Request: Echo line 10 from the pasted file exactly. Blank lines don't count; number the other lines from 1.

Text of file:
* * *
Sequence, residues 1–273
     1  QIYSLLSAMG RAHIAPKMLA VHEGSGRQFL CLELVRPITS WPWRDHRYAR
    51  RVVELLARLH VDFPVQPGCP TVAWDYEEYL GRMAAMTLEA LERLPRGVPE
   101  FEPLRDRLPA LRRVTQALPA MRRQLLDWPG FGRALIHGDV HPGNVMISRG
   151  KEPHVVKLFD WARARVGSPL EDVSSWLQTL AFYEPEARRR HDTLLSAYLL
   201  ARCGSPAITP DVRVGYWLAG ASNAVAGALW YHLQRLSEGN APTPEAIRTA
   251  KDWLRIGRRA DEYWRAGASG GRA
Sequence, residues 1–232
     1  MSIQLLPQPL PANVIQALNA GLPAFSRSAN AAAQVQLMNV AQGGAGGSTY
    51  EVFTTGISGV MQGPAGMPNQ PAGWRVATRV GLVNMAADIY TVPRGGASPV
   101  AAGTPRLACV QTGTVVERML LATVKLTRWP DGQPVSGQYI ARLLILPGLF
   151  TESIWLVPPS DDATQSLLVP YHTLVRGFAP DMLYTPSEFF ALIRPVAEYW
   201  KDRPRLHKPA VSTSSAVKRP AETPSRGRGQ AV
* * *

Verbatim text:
    51  EVFTTGISGV MQGPAGMPNQ PAGWRVATRV GLVNMAADIY TVPRGGASPV